The writeable Quantizer(WQ) is an interesting module in that while it can function like a traditional sequencer, it is anything but traditional. What sets the WQ apart is that this quantizer doesn’t come with preset 1/12v divided scales like most quantizers do. Instead the WQ allows users to store voltages into a user defined “scale” and then quantize incoming voltages to those stored voltages. You can use traditional scale values and write those voltages to a traditional scale but what is the fun in that? Continue reading →
The Mode Machines OMF-1 is an analog 19″ rack filter designed for use with a wide variety of sources. the preamp in this unit can handle signals from guitar (instrument level) input all the way up to eurorack modular levels. Far from just a basic Moog ladder filter clone, the OMF-1 adds a tap for the phase reversible single pole -6 db per octave slope (labeled FIZZ) phase reversible 4 pole -24 dp per octave slope(labeled Smooth), as well as extensiv modulation options. Also included in this circuit is a beautiful sounding overdrive. By sending signal into the filter and adjusting the preamp, you can overload the filter core (indicated by a red LED) to add additional harmonic content to the signal. The OMF-1 features a side chain input as well as CV and Gate inputs for external filter control. The modulation options are Follower (think Mutron bass filter) Attack Release and Attack Decay settings. the LFO has triangle and square waveforms with a rate control and dedicated depth control as well as the ability to self trigger the envelope (which essentially will act like a complex lfo shape). clocking in £666.00 direct from the mode machines site, this is an impressive all analog rack mount filter that truly has an impressive character.Take a listen to the video for plenty of sound demonstration. take a look at the Manual here
The Animodule Line_Amp has been out for just a little while and its a very small (2hp) module but I am continually finding nice little tricks with this module.
The Line amp is essentially a dual buffered multiple BUT it has a switch on it that when turned on will boost any signal times 3. This is useful for taking line level signals and sending them up to the Modular world audio signal level range.
Additionally what I have discovered is that by sending an output from the LineAmp back to its second input you can boost even further and bring instrument level sources such as an electric guitar or rhodes piano up to Modular levels.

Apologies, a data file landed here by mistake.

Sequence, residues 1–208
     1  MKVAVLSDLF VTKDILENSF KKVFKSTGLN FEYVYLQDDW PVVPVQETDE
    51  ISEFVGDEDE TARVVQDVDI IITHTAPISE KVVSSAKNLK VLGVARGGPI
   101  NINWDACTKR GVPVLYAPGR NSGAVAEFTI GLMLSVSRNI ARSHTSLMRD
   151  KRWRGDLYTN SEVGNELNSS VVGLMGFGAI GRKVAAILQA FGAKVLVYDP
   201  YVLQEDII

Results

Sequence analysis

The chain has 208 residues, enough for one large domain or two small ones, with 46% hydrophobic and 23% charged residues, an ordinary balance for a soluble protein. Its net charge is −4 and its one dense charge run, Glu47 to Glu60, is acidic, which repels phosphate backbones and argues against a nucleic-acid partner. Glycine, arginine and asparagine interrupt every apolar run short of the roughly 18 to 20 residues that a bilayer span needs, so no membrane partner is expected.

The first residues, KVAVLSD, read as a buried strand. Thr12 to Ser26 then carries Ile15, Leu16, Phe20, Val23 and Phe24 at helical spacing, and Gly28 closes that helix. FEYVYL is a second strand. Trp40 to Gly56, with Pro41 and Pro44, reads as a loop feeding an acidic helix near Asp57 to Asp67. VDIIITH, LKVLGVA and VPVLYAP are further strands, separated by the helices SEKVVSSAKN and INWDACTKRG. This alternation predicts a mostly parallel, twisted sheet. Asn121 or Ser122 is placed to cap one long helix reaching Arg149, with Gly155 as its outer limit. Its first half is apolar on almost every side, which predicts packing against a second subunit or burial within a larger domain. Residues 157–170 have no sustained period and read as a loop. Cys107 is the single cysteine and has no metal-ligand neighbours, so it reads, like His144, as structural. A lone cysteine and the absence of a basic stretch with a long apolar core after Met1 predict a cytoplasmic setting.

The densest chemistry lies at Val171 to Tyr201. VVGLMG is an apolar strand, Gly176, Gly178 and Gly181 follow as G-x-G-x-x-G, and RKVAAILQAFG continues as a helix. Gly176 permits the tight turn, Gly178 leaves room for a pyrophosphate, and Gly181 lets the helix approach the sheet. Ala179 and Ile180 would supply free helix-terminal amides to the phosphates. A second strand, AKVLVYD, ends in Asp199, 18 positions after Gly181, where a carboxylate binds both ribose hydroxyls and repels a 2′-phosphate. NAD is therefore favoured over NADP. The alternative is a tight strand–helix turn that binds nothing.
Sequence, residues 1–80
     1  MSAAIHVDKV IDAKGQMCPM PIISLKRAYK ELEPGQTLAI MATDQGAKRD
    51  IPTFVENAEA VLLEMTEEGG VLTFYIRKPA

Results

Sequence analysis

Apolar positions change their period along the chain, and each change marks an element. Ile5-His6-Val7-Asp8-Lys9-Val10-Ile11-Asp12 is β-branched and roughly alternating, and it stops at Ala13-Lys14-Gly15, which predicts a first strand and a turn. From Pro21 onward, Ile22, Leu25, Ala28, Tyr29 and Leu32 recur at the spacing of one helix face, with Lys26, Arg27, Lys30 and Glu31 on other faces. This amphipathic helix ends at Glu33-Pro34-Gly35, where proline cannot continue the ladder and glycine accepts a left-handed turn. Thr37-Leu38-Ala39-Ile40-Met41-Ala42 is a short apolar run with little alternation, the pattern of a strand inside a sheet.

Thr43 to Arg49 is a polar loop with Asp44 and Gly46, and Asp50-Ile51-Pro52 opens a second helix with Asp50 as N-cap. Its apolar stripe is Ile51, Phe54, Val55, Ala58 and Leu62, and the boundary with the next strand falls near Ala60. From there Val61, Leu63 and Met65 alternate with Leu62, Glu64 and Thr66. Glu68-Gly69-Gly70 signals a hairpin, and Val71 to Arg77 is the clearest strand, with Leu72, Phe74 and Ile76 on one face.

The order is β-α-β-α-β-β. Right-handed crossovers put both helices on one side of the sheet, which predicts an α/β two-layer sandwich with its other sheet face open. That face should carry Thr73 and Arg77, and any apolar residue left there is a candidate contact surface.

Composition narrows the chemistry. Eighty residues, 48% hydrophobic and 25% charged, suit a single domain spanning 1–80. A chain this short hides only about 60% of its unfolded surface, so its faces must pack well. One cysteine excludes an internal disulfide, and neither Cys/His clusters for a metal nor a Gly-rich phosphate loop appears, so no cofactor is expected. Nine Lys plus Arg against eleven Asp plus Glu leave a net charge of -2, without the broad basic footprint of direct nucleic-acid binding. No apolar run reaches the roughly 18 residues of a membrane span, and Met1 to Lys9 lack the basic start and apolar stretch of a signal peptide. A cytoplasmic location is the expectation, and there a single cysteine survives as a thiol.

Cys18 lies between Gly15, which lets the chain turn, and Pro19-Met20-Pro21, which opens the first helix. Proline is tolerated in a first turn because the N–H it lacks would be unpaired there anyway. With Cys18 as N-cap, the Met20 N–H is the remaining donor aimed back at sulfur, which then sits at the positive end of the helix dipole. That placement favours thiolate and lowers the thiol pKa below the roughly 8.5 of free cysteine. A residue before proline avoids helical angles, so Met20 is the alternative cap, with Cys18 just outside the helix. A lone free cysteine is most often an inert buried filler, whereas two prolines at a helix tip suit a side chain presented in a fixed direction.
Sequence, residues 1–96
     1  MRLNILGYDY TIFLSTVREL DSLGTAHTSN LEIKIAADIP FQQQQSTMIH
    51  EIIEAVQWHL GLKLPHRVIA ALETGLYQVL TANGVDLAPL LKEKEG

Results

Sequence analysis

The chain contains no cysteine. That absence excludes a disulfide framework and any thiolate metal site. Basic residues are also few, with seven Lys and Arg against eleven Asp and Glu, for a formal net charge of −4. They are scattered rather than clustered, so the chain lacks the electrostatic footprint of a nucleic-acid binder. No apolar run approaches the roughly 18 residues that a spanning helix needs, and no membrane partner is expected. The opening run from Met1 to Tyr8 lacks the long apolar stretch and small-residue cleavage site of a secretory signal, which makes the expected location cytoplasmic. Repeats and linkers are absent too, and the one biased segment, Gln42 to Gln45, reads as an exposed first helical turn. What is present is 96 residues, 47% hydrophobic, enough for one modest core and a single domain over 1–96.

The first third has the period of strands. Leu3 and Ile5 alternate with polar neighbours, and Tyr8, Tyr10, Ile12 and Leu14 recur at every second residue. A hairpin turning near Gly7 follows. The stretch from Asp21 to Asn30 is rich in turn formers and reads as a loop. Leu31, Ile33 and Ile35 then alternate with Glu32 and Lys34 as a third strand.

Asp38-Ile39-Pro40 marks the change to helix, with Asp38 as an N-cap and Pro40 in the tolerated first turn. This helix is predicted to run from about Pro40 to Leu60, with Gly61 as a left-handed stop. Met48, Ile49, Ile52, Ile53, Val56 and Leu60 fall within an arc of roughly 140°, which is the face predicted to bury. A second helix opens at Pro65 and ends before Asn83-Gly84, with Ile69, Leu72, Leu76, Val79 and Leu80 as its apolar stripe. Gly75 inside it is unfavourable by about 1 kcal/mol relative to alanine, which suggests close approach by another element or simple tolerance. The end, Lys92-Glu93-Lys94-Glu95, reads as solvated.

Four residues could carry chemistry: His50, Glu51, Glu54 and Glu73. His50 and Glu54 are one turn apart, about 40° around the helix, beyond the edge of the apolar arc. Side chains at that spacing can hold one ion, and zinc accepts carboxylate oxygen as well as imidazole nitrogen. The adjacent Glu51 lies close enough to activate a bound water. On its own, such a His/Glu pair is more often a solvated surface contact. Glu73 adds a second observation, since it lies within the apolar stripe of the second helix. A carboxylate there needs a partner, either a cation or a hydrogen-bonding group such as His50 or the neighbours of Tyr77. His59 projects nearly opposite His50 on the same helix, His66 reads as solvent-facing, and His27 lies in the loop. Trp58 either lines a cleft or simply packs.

Check the Video out for more info on this great eurorack modular synthesizer module 🙂
Output, a relatively new content producer has recently been making waves with their well thought out and stunning GUI designs, inventive Kontakt scripting and genuinely evocative sonic content.
Their latest product SIGNAL doesn’t disappoint with its over 40 GB of content and beautifully intuitive interface.
Consisting of 4 “Pulse” engines the user has full control over unique rhythmic layered synthesis.
build in layering of both synthetic sound sources and acoustic recorded sources allow for interesting textures.
the 4 macro controls vary from patch to patch and give quick control of some of the most interesting sonic sculpting features. For those of us that like to dive deeper, there is also an advanced edit mode that gives you full control.
the Rythmic aspect of Signal really sets it apart by giving you complex LFO patterns, a step sequencer per part, Arpegiators, and an interesting Looper effect that lets you loop sections of the sound source to interesting effect.
These rhythms can all be tempo sync’d and utilized to create deep syncopated patterns, Lush evolving textures and even sharp biting leads and basses.
Of course all of this is up to the user, you can turn off these aspects if you just want access to the raw sounds, or you can opt to use any of the beautiful built in effects to sculpt your own sounds.
If you have the Full version of Kontakt you can even import your own sound sources.
Overall I really enjoy this library and it ranks up in the top 5 of my favorite Kontakt libraries.
definitely worth checking out.
500 Pulse Instruments for instant playability
A massive array of content
40GB including analog synths, digital synths and organic instruments
The KeyLab 49 has been high on my list of potential purchases for a while. I was not fully satisfied with the current controller keyboard I was using, but I also was having trouble finding a controller with the specs I wanted. When I first came across the KeyLab 49 my initial impression was that I really liked the metal casing, the smooth turning knobs, the beautiful blue LED scheme and the layout. I was admittedly a little worried that the light synth action of the key bed would turn me off (being used to a much stiffer controller) however this proved to be unsubstantiated. I found myself very much enjoying the keys over the past 2 months that I have spent with the board.
A few items that really stand out for me are the wonderful faders. It may seem like a small item but they really are a joy to use when sculpting synth ADSR settings. I also found my self enjoying the ability to quickly browse presets from the controllers preset and category knobs. The included software really illustrates how far Arturia has come in the past few years. While All the sounds in the Analog lab software are certainly usable, I did find that the newer offerings (SEMV) compared to older offerings (ModularV) show a much higher sonic quality (listen to a filter sweep between the two and you will hear a marked improvement in the new software).
The vast number of Presets make it a real joy to quickly and easily find what you are looking for. I had no troubles with the software stability I also found it utilized the controller very well. Continue reading →